Gun Safe "Failures"
Copyright 2014 By Ken Dunckel
Expert Safe and Vault Service in the San Francisco Bay Area
Did The Safe Fail?
Gun safes are perhaps the best example of unrealistic expectations.
I recently declined a job that involved a steel gun safe that was breached by burglars, who used a cutting wheel to make a large rectangular hole in one side and extract the contents. In the safe owner's eyes this constituted a gross failure on the part of the safe. His lawyer wanted me to support the claim that the safe failed. If I had taken the lawyer up on that job and gone to court to support that claim, somebody on the other side would have had a field day cutting my testimony to pieces.
Based on what I knew, the safe did not fail. It wasn't designed to hold off an attack like that. The safe owner's complaint was like the man who buys a VW bug and later complains that it failed miserably when he entered it in the INDY 500.
Seemingly everyone has different expectations when it comes to safes. Just because a box has a combination lock on it doesn't make it invulnerable to the efforts of every bad guy out there. And just because it's made from steel doesn't mean you can't cut a big hole in the side or top or door.
Yet when their box gets defeated by some yahoo with the right tools and the right idea about what to do with those tools a great many safe owners want to say their safe failed.
As soon as you tell the owner of a breached safe that he or she shouldn't have expected his safe to win out over a determined and well-equipped burglar, the owner usually reacts with anything from annoyance to rage. One of the most common after-burglary comments is that for the amount of money the owner paid, it should have put up more resistance than it did.
Well, yes, a gun safe usually does cost appreciably more than a safe the same size that was built for use by a business. The extra cost of a gun safe is usually about the cosmetics. In order to appeal to a person who wants to protect his firearms, it needs visual appeal. Gun safes have that for sure. Many have admittedly beautiful (at least comparatively) paint jobs, along with ornate decals and shiny finishes on dials, handles, and even the hinges. But visual appeal adds nothing in the way of burglary resistance.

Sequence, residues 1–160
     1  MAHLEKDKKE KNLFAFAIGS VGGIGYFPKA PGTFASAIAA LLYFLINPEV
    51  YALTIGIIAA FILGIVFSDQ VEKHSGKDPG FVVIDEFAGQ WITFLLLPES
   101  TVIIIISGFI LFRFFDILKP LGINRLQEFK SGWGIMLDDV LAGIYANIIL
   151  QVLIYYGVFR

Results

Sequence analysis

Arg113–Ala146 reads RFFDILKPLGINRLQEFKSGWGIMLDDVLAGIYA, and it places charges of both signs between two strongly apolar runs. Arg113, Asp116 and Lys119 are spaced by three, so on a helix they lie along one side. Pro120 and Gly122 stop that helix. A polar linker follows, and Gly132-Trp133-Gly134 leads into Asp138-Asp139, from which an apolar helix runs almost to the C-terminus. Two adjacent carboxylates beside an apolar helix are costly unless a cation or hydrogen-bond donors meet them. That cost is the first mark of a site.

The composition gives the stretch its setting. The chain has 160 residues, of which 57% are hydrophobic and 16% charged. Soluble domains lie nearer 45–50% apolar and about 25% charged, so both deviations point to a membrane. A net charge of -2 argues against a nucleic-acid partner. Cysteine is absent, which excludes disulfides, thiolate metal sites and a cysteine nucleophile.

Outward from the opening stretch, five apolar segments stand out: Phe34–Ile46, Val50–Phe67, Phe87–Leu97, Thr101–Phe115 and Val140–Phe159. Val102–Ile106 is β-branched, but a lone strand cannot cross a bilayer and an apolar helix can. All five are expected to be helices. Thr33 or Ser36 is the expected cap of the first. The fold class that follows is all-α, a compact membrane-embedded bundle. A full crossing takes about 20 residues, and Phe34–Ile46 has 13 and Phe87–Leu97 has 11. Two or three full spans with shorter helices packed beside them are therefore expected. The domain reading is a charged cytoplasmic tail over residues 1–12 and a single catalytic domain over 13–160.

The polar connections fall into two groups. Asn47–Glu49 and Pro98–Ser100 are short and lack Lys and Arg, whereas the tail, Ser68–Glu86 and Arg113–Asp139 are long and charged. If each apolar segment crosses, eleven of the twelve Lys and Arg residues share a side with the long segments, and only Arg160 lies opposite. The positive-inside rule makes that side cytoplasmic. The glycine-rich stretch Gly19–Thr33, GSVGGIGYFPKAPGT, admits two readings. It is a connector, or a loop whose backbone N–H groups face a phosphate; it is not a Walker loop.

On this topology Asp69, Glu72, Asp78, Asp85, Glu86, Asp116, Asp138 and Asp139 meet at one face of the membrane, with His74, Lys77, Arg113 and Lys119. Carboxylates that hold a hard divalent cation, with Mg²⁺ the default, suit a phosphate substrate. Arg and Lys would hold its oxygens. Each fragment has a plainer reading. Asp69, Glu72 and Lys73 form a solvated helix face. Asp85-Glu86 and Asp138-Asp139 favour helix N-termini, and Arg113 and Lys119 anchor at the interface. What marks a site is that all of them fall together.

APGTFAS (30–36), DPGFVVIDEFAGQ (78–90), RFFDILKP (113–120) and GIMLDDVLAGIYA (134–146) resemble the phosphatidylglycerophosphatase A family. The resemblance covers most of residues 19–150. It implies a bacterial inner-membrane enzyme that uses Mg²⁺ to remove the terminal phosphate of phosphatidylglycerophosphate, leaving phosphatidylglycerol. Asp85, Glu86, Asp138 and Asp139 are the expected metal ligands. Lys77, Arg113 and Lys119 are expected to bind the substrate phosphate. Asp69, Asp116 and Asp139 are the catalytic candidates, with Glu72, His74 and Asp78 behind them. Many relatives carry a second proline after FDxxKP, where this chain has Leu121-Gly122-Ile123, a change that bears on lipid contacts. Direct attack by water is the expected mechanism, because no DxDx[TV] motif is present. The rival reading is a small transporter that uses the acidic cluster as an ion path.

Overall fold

Technically and physically, a gun safe fits the general description of "lightweight box." When reminded of this, the distraught gun safe owner often gets even angrier, citing the fact that it took him and two friends a good deal of effort to move the safe into his home, "lightweight" indeed!
When we in the safe industry use terms like "lightweight" we're not inferring that someone can easily pick it up, move it, or hurl it across a room; it's a comparative term, one that acknowledges the fact that another plain-Jane safe with the same outside dimensions can easily outweigh the gun safe by a factor of two or three. A commercial safe will usually have steel walls and a door two or three (or more) times as thick as the gun safe, and a U.L. rating for burglary resistance. And yes, I know, many contemporary gun safes do come with U.L. ratings, but the ratings they usually qualify for signify low resistance to a destructive attack with heavy tools.
The tools I'm referring to aren't really special. An average person can legally buy all the heavy destructive tools he needs to breach a gun safe. The tools are easily available at a well-stocked hardware store, and nobody's suspicions are raised when someone buys them.
Electric saws outfitted with metal-cutting wheels are a great example. The metal-cutting wheels can and do make short work of an assignment to cut a big square hole in the door or top or back of a gun safe. If the user doesn't mind a shower of sparks and the loud noise they make, figure on ten or fifteen minutes of work, work that requires virtually no skill on the part of the operator.
Vulnerability to cutting wheel attacks is probably the best example of why a gun safe is the wrong choice for protecting high value contents, but other equally available heavy tools, all legal to buy and own, have been used to breach gun safes. Gun safe buyers don't want to hear that the safe they're considering, which looks nice enough to be the centerpiece of a well-appointed man-cave, is a poor choice to protect their firearms collection.
So . . . the buyer ends up with a very nice-looking seven or eight hundred dollar box that will be protecting maybe twenty thousand (or much more) dollars' worth of possessions. Happens all the time.